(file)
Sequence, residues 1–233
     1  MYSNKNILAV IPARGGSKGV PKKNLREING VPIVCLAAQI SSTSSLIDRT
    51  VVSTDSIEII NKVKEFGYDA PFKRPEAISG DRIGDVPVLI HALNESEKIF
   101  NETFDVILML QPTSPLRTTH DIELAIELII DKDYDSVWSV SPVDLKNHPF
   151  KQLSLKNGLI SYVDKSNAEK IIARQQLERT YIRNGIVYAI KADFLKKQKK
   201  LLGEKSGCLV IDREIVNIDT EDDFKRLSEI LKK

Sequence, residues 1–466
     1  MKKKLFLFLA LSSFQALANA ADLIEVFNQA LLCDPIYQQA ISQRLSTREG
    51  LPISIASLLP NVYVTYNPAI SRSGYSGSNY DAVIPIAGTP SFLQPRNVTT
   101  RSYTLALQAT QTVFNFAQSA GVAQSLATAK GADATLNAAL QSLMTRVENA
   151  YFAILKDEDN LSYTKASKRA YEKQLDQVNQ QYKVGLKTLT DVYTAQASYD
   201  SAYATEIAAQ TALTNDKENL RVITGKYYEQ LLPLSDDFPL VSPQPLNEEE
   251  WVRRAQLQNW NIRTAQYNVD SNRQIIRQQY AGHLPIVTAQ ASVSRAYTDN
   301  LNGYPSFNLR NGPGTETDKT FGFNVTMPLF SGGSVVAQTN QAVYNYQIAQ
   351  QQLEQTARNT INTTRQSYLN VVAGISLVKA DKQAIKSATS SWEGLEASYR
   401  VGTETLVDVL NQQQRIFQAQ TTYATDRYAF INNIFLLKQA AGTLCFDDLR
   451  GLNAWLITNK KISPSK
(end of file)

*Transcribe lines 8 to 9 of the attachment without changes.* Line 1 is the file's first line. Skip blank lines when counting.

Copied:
     1  MKKKLFLFLA LSSFQALANA ADLIEVFNQA LLCDPIYQQA ISQRLSTREG
    51  LPISIASLLP NVYVTYNPAI SRSGYSGSNY DAVIPIAGTP SFLQPRNVTT